What Kwanzaa means
This message is one of many messages related to our diverse community’s numerous unique holidays, including cultural, historic, and religious observances throughout the year. I am likely to write about the holidays or cultural observances that mean the most to you as they occur throughout the year. Please let me know if you want to learn my plans about a holiday that is specifically important to you.
Starting Thursday, Dec. 26, and concluding Jan. 1, millions of individuals and families worldwide will celebrate the holiday of Kwanzaa. A campus celebration was held at HFC on December 4.
What is Kwanzaa, and how did it begin?
Kwanzaa is a holiday that celebrates family, community, and culture. The holiday was created by Dr. Maulana Karenga in 1966. Dr. Karenga is professor and chair of Africana Studies at California State University, Long Beach, executive director of the Kawaida Institute of Pan-African Studies, Los Angeles, and chairman of The Organization Us.
The word Kwanzaa, and many of the terms you will see in this message, are Swahili words. Swahili is an African language that is widely spoken in Eastern and Southeastern African nations.
Dr. Karenga was a doctoral student in the mid-1960s. He concluded that Black people in the United States did not have holidays that recognized their cultures, histories, and traditions. (Black History Month was not recognized nationally until 1976.) He believed that a national holiday would be a positive step toward multicultural understanding, and would also give Blacks in the United States and others a deeper connection to their heritage, cultures, and traditions.
In 1966, Dr. Karenga combined the celebrations of several different traditions, such as practices of the Ashanti and Zulu peoples, to establish Kwanzaa. The holiday began to spread, and is now celebrated by millions of people in the U.S. and worldwide.
Kwanzaa means “first fruits.” The holiday focuses on what it means to be African and human in the fullest sense. Dr. Karenga created the holiday to engage the world in understanding certain Afrocentric cultural traditions, the dignity of every person, the centrality of family and community, and the integrity of the environment and humans’ kinship with it. Kwanzaa is a community-oriented celebration that focuses on all aspects of the family, including those who are present and those in the ancestral realm. No one is left out.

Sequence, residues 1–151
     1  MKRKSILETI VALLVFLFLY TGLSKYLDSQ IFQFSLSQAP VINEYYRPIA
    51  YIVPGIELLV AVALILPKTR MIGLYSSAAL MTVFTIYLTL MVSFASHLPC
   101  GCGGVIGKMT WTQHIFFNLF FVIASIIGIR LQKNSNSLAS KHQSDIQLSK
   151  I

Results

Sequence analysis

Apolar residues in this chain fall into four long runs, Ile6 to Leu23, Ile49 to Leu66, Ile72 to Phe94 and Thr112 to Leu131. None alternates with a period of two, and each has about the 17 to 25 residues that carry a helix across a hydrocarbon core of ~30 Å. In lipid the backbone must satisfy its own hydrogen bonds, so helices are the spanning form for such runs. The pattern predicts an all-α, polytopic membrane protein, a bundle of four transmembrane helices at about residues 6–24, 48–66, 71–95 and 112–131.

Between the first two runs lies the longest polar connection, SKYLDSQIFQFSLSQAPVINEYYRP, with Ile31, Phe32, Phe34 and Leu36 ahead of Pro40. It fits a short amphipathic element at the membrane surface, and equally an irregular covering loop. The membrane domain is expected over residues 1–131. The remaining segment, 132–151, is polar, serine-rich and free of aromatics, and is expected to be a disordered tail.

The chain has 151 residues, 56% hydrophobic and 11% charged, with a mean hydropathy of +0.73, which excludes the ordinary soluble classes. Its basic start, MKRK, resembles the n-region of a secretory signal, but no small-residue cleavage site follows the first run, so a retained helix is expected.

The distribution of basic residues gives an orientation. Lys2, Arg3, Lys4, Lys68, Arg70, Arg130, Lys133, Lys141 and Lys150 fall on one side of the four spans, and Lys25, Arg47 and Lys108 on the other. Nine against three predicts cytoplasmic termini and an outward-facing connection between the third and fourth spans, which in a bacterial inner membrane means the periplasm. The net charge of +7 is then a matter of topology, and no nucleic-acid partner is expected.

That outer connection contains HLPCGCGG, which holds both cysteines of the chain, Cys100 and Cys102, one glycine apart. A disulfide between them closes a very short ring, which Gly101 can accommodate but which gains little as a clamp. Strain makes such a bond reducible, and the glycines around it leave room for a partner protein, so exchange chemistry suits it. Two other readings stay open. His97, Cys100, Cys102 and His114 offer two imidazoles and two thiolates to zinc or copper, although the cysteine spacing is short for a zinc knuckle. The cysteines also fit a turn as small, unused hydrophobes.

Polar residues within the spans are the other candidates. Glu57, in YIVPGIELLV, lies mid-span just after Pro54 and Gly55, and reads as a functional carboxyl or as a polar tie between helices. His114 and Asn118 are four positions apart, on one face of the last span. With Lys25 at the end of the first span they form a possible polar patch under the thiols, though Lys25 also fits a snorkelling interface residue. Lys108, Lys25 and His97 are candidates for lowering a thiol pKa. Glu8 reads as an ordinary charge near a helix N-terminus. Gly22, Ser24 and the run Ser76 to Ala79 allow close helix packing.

The seven days of Kwanzaa are a time of celebration, meditation, and recommitment. They focus on the Nguzo Saba, or Seven Principles (see below). On each of the seven nights, the family gathers near a table containing seven Kwanzaa symbols. A child lights one of the candles on the Kinara, or candelabra. On the first day, the black candle in the center is lit, followed by alternating the red (left side) and green (right side) candles. After lighting a candle, the family discusses one of the Nguzo Saba principles. Individuals are encouraged to reflect on the principles throughout the holiday and embrace them in their own lives. An African feast, called a Karamu, is traditionally held on December 31.
The Nguzo Saba are central to the celebration of Kwanzaa and to the African-centered values that embrace the importance of celebrating one’s own culture through meaningful, constant remembrance and connections to the ancestors. The Nguzo Saba emerge from Kawaida philosophy, which evaluates the best of African thought and practice. Each principle represents a different day of the celebration:
Umoja (oo-MO-jah), or unity: balance among one’s self and one’s community, nation, race, and the broader world.
Kujichagulia (koo-jee-cha-GOO-lee-ah), or self-determination: that one may define themselves, for themselves.
Ujima (oo-JEE-mah), or collective work and responsibility: That one’ssuccesses are shared throughout the community and vice versa.
Ujamaa (oo-jah-MAH-ah), or cooperative economics: Sharing what one has with others to benefit everyone.
Nia (NEE-ah), or purpose: Self-reflection, in actions and meaning.
Kuumba (koo-OOM-bah), or creativity: expressed in art, work, thoughts, and acts
Imani (ee-MAH-nee), or faith: one’s traditions and beliefs in confluence with one’s ancestors and elders.
Kwanzaa also has seven symbols presented on a family’s area of gathering or common table:
Mazao, or crops - Mazao symbolizes community planning and work, and the sharing and unity that result. Families place fruits, vegetables, and nuts on the mkeka (see below).
Mkeka, or placemat - The mkeka represents a foundation, grounded in historical and traditional culture, on which people can build successful lives.
Muhindi, or ears of corn – Muhindi (or vibunzi, singular) represent fertility and the future of a family that comes through children. One vibunzi is placed on the mkeka for every child in the family.
Mishumaa Saba, or seven candles - Mishumaa are a symbol of the sun's power, and are a source of light. The kinara, or candelabra, contains one black candle, three red candles, and three green candles.
Kinara, or candleholder - The kinara represents ancestors, as the groundspring and wisdom from which the culture arises.
Kikombe Cha Umoja, or unity cup - On the sixth day of Kwanzaa, there is a libation ritual, which honors ancestors. Drinking from the kikombe is a sign of unity and remembrance.
Zawadi, or gifts - On the final day of Kwanzaa, zawadi, which are often handmade, are shared. They are intended to symbolize and encourage growth and success.
Other expressions of Kwanzaa
The holiday is secular, not religious, which makes it inclusive. Celebrations often include songs and dances, drums, storytelling, and readings. The holiday is rich with symbolism, and colorful art displays and clothing are encouraged.
To all who celebrate Kwanzaa, I hope you enjoy each of the seven days, surrounded by people you love. I wish you peace, unity, and joy during this time and in the coming year.